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Artist sharing his vision of life
By BARBARA BEHRENDT
© St. Petersburg Times, published May 19, 2000
HOMOSASSA SPRINGS -- With its abundant waterfront and endangered manatees, Citrus County has long been a nexus for wildlife conservation efforts. Soon, that reputation will take another big leap.
This fall, Citrus will get a Wyland "Whaling Wall."
Internationally known marine life artist and conservationist Wyland will paint a massive mural of manatees on the outside of the Homosassa Springs State Wildlife Park Visitor Center on U.S. 19. The artwork will fill 400 square feet.
The painting will be the 87th of 100 whaling walls Wyland, who uses only one name, has committed to create worldwide to promote conservation of the planet's marine resources. The whaling walls are said to be seen by 1-billion people every year, reminding passers-by that oceans need to be protected so life can continue.
"We are tremendously excited about it, especially as we get more and more information about it . . . we can see that this is really a very big deal," park manager Tom Linley said.
The mural will be one of two the artist has done depicting manatees, according to Susan Dougherty, spokeswoman for the park.
Wyland, 43, has such a following that, when he visits areas to paint murals, his fans follow him and watch the entire process. In Homosassa, that process is slated for Oct. 20-23. A dedication of the mural is scheduled for Oct. 23.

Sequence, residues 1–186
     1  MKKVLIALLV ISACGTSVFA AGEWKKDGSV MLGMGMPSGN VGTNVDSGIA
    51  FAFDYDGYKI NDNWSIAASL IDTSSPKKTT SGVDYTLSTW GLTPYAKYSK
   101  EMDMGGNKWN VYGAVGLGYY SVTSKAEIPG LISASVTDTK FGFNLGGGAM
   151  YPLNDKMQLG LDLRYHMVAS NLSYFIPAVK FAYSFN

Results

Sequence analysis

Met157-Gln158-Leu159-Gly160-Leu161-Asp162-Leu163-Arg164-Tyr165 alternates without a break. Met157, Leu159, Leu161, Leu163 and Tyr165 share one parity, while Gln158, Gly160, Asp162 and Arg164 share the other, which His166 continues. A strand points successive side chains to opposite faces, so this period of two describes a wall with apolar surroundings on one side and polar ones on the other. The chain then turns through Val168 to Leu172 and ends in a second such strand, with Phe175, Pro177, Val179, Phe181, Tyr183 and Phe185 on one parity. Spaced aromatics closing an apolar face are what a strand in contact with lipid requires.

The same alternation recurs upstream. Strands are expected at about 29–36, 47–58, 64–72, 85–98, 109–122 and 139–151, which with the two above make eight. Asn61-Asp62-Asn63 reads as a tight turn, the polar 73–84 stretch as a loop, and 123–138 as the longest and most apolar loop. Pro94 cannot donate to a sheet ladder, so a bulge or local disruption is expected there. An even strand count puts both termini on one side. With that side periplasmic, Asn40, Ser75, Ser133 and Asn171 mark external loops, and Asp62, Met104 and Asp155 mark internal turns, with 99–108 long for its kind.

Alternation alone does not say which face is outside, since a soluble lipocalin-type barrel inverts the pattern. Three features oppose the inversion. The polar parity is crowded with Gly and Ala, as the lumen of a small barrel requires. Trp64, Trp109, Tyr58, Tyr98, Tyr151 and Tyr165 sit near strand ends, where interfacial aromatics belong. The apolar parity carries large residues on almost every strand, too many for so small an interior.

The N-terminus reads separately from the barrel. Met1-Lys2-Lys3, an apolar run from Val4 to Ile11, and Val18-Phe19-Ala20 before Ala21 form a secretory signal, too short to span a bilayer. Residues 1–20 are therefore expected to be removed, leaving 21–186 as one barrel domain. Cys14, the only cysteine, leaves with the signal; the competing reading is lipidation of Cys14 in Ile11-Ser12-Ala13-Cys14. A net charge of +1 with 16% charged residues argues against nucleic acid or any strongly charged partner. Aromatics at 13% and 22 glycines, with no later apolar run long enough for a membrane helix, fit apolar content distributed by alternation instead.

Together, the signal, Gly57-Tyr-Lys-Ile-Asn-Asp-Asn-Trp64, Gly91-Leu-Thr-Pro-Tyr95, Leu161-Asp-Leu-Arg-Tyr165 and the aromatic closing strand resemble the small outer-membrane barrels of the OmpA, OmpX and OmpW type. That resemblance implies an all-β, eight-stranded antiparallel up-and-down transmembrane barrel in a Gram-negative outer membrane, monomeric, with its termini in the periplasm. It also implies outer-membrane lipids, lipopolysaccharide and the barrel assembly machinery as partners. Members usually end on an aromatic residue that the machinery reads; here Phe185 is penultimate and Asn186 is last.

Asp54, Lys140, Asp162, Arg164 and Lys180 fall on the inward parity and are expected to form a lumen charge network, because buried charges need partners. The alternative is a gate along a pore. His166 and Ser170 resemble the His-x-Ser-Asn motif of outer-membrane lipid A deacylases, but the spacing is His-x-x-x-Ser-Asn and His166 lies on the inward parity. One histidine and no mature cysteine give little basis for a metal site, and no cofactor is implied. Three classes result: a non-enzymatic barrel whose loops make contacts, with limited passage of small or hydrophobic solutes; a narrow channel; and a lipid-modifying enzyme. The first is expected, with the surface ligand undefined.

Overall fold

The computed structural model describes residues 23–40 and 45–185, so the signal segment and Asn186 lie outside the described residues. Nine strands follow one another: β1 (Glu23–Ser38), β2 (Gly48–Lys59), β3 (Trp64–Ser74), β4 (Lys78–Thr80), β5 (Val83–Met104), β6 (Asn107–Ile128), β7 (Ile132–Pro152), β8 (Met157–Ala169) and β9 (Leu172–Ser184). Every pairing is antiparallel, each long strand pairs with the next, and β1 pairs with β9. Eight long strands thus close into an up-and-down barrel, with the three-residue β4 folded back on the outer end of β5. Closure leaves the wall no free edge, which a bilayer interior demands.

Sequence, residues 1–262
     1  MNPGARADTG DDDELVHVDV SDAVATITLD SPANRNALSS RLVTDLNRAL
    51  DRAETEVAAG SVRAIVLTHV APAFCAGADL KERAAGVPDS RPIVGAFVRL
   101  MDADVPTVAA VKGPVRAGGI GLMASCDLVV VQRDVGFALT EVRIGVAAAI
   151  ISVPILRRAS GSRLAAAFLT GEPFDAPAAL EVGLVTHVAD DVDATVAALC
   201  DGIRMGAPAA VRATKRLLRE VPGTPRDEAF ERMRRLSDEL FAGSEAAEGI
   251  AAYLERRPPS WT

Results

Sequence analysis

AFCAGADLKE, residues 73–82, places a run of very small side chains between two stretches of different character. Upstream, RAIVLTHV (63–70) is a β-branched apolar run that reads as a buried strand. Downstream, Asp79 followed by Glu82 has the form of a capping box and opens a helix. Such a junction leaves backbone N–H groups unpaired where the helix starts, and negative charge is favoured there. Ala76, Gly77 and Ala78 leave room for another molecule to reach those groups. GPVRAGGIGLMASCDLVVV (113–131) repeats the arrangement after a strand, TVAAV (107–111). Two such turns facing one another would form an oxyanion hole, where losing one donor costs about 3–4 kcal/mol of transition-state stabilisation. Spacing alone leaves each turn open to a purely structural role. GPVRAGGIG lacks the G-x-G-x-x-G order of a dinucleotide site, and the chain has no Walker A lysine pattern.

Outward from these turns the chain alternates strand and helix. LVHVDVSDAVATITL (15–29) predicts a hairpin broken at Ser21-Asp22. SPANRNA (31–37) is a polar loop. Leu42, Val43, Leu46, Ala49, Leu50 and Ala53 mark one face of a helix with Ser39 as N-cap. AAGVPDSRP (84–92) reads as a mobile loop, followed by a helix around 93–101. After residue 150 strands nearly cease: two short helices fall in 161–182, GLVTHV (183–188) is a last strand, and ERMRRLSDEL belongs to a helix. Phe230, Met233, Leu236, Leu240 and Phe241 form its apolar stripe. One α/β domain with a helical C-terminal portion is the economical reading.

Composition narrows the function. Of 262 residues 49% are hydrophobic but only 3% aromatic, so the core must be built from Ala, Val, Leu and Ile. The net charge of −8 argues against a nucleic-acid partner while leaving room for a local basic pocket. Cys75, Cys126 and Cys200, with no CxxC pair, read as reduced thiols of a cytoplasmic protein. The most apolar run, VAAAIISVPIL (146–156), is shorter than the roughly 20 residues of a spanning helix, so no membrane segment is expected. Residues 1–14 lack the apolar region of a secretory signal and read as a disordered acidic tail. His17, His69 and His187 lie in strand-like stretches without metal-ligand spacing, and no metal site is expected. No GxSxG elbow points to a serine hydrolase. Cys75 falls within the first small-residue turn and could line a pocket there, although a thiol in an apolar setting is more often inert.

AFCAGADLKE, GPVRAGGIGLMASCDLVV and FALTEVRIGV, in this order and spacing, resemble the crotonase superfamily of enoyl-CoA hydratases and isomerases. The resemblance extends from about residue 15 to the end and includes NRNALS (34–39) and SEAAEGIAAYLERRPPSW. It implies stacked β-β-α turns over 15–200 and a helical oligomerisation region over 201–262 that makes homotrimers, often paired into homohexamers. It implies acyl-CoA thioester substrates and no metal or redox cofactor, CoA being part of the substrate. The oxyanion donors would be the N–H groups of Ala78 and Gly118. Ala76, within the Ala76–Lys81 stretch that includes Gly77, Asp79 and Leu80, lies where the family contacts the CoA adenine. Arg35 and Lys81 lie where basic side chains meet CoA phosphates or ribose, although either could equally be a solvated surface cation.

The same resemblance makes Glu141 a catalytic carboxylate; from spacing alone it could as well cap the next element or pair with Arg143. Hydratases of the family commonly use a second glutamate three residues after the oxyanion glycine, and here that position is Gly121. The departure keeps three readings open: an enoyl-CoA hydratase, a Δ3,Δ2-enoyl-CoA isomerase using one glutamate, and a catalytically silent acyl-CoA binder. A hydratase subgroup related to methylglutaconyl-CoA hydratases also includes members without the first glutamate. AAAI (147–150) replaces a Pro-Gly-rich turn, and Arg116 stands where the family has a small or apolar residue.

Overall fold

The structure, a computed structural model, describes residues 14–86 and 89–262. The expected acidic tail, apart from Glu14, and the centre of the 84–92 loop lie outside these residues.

"We're going to make it into a tremendous community event, too," Dougherty said.
Painting popular murals isn't Wyland's only claim to fame. He researches his images carefully, diving all over the world to see marine life before painting it. His work is exhibited throughout the world. He has received dozens of awards. And he has appeared in publications ranging from Cousteau Log and Greenpeace Examiner to National Geographic World and Forbes magazine.
Wyland and his walls have been featured in a host of television spots and programs, as well, including a variety of documentaries and a 13-episode television show on Animal Planet network called Wyland's Ocean Planet. Wyland's Web site, http://www.wyland.com, receives an estimated 650,000 hits per month, and his educational foundation provides programs to encourage youngsters on conservation.
The list of rich and famous who have private collections of the artist's work ranges from Ronald Reagan and Jacques-Yves Cousteau to Jimmy Buffett and Prince Charles.
Locally, Larry Shearin is another fan who has some of Wyland's work in his home. He also happens to be president of the Friends of Homosassa Springs State Park. Officials at the park credit Shearin for tenaciously working to lure the artist here. Wyland first visited the park in 1998 and photographed manatees.
"When he photographed the manatees in the springs, he fell in love with the park," Dougherty said. The whaling wall news was first announced at a Friends dinner dance last weekend.
"This is the equivalent of a million-dollar donation to this park and this community," Shearin was quoted as saying. "It is not at all unusual for people to come from all over the world to watch Wyland paint one of his whaling walls."
According to Dougherty, the murals he has painted in other places around the world end up becoming community landmarks. At the same time, they remind people of a lesson the artist wants people to think about and act on.
"He really believes in marine conservation," Dougherty said. "This is his life's work."
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